If the annual gathering of technologists and technology that is Comdex/Fall is any indicator of things to come, wireless computing will continue its drive into the enterprise, where smaller, more manageable hardware resides.
Hardware manufacturers, wireless providers and software developers, including Dell Computer Corp., Nokia Corp. and Microsoft Corp., to name a scant few, were on hand here last month to tout new and future products designed for comfort and mobility.
On the handheld front, Dell announced itself as the latest licensee of Microsofts Pocket PC operating system with the launch of its Axim 5 handheld. The device will sell in two configurations for $199 and $299, after a $50 rebate. The more expensive version is equipped with a 400MHz Intel Corp. Xscale processor with 64MB of synchronous dynamic RAM and 48MB of ROM. The less expensive model has a 300MHz chip and less memory.
Officials said the Round Rock, Texas, company will release two new Axim models next year—the X3 and the X7. Dell is also looking to integrate Bluetooth and 802.11 wireless LAN access next year.
Dell has “fixed the things that should have been fixed on Pocket PC devices a while ago,” said Kevin Baradet, network systems director of technology services at the S.C. Johnson Graduate School of Management at Cornell University, in Ithaca, N.Y., and an eWeek Corporate Partner. Baradet said he thinks the Axims scrolling wheel makes it easier to operate than some of its competitors, and the battery life seems promising.
Nokia, which is known for novel designs, introduced several phones that will launch in the first quarter of next year, according to company officials in Espoo, Finland. The Nokia 5100 is a ruggedized handset geared toward a diverse audience, including such features as a thermometer, a calorie counter, a sound-level meter and a flashlight.
The Nokia 6200 is one of the worlds first 3GPP, or 3rd Generation Partnership Project, phones to support EDGE (Enhanced Data rates for GSM Evolution). It also supports GSM (Global System for Mobile Communications) in the 850MHz, 1800MHz and 1900MHz frequency bands. The Nokia 7250 is the companys first “fashion phone” (meaning its tiny) that includes a digital camera—it sits in the back of the phone. In addition, it supports three bands of GSM.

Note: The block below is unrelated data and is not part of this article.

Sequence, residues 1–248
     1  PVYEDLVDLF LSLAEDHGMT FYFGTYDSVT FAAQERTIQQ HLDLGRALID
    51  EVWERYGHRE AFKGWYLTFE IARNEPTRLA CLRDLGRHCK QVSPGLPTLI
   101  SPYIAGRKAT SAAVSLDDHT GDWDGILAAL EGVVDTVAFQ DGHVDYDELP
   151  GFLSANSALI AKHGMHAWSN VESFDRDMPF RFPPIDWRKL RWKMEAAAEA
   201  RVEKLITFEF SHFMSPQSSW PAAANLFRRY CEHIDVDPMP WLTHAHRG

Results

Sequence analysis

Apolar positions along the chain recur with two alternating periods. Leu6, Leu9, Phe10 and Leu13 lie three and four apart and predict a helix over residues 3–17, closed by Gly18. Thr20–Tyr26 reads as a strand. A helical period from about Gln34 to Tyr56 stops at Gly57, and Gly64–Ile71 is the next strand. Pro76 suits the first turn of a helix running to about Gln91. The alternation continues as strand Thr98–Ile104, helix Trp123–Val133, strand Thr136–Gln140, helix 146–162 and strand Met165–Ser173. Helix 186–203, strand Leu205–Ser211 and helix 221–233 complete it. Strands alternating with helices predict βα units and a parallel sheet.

The Nokia 6100, at 2.7 ounces, is the lightest Nokia phone ever. It supports Java and Multimedia Messaging Service and runs triband GSM and General Packet Radio Service. It includes a color screen.
Color displays are expected to be par for the course throughout the industry in the near future.
Other technologies that garnered attention here were flat-panel desktop displays. BenQ Inc., CTX International Inc. and ViewSonic Corp. were all on hand with new products.
BenQ, formerly Acer Peripherals and the second-largest supplier of LCDs in the world, released the FP591 15-inch flat-panel desktop display. The FP591 supports 500-nits super brightness, allowing for exceptional video support of TV and DVD/VCD movies, said officials in Taipei, Taiwan.
BenQ also released the SL705X digital projector that supports digital compression and dithering up to 1,280-by-1,024-pixel resolution. The 3.8-pound device can display onto screens of up to 60 inches and up to 6.6 feet away. In addition, the company shipped the Blue Jay optical storage unit for added, mobile storage.
CTX, another display manufacturer, launched at Comdex a line of flat-panel desktop units ranging from the $473, 17-inch, thin-film-transistor S730 to the 23-inch H2300 panel that sells for an estimated street price of $2,411. The company, based in City of Industry, Calif., also released its PS-5140 digital projector for an estimated street price of $1,559.
A forthcoming wireless desktop product from ViewSonic, the Smart Display, was the talk of the town. Unlike the Tablet PCs that the Walnut, Calif., company is building, the Smart Display is not a PC but a flat-panel display with wireless connectivity to the desktop PC. Through a touch-screen, users will be able to navigate the Web and read e-mail, among other things.
Also coming is a new application from Microsoft for capturing and organizing notes. Called OneNote and due next year, the Microsoft Office application will let users store, navigate and search personal or business notes, according to Jeff Raikes, group vice president of productivity and business services at the Redmond, Wash., software developer.
“Note taking as a metaphor has been relatively underserved in software,” Raikes said during a press conference. “OneNote is one location to bring together all your note taking.”